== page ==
And one other point that I will try to rephrase from yesterday's post with the solutions to the problems in it: you people who believe the answer is 50% either way, you would be correct in either one of the following two scenarios:

1. Once he shows the dead rat in box #3, Monty Hall then puts the other two boxes behind a curtain, and randomly jumbles them such that the money could equally be in box #1 or box #2; or

2. Once he opens up box #3 and shows a dead rat, a new contestant is brought in with no knowledge of the prior scenario and simply asked to choose between two boxes, one of which contains money and the other, a dead rat. Although the odds would still be 66% in actuality at this point that the money is in box #2, that new contestant has no way of knowing how the boxes were picked or even that a third box was ever removed from the pool of choices, and thus for that person, the decision is simply a 50-50 guess given what he or she knows about the decision.

So, your answer of 50-50 would be correct if the boxes were somehow re-randomized before the final decision of whether to stay with box #1 or switch to box #2. But that's not what is being done here. In this case, you have the additional very important information that your box was originally picked from a 1-in-3 chance, leaving a 2-in-3 chance that the money was in either box #2 or box #3, and that probabilty factor still holds true after box #3 has been opened and shown to contain a rat. When you come out with an answer that it is 50-50 in either box in this scenario, you are answering the question as if you are simply being asked out-of-the-blue to choose randomly between two boxes, which I think we all can acknowledge is in fact a 50-50 guess situation. But here, you are being asked to choose not between two random 50-50 chances, but rather a 33% box or a 66% box.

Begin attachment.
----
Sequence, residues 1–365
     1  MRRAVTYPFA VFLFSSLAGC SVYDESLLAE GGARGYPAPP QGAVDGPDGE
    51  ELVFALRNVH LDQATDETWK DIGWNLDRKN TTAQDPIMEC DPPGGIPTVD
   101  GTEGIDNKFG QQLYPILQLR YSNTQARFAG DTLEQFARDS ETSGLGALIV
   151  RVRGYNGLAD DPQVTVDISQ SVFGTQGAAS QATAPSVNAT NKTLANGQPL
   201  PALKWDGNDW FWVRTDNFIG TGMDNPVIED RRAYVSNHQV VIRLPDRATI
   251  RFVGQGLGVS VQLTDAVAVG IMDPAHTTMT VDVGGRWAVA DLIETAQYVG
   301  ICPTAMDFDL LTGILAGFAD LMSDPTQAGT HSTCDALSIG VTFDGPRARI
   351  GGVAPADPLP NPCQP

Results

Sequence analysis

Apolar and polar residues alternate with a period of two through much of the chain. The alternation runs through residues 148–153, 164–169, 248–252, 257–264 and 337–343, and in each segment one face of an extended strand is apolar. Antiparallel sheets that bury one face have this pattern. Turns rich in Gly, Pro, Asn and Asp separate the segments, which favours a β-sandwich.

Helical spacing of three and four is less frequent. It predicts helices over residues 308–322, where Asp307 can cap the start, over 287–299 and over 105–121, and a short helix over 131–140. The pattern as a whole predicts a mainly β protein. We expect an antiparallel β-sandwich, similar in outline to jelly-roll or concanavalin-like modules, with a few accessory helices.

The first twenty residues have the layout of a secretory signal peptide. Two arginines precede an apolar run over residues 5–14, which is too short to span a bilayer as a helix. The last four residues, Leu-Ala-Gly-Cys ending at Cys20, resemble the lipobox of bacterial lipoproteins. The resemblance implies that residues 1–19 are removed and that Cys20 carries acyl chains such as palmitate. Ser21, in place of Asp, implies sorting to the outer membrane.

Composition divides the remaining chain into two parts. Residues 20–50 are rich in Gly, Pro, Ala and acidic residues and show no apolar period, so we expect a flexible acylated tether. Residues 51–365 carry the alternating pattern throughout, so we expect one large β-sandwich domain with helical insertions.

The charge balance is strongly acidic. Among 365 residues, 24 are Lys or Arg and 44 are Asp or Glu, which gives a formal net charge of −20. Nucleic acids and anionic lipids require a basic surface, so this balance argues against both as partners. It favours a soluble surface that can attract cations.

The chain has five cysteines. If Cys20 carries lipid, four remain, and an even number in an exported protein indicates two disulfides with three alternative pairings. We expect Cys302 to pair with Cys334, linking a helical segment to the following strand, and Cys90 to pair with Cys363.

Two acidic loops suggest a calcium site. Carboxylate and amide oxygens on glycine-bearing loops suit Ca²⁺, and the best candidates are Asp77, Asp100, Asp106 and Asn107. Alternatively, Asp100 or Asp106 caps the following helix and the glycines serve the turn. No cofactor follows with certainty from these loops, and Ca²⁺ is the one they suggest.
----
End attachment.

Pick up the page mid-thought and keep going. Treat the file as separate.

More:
As I said yesterday, I myself took several months to accept the veracity of this solution, and it is a truly difficult concept for anyone with a human brain to get his or head around because it is simply so totally counter-intuitive to everything our brains tell us about the situation. I encourage all of you out there if you are interested to explore the various explanations and assessments of this problem available online and elsewhere. There happens to be a pretty decent treatment of several aspects of the problem on Wiki, and more than that, if you're still not convinced, how about some actual testing of your own? This option should be especially attractive to the sciencey types out there, so take a look at the following links and test this theory yourself, as many times as you see fit before you are willing to start accepting the truth of the value of switching boxes: Monty Hall Problem Simulator -- I just ran it and stopped when switching had worked 10 times and staying had worked only 4 times. simulator -- I also just stopped after switching won me 10 out of 14 trials.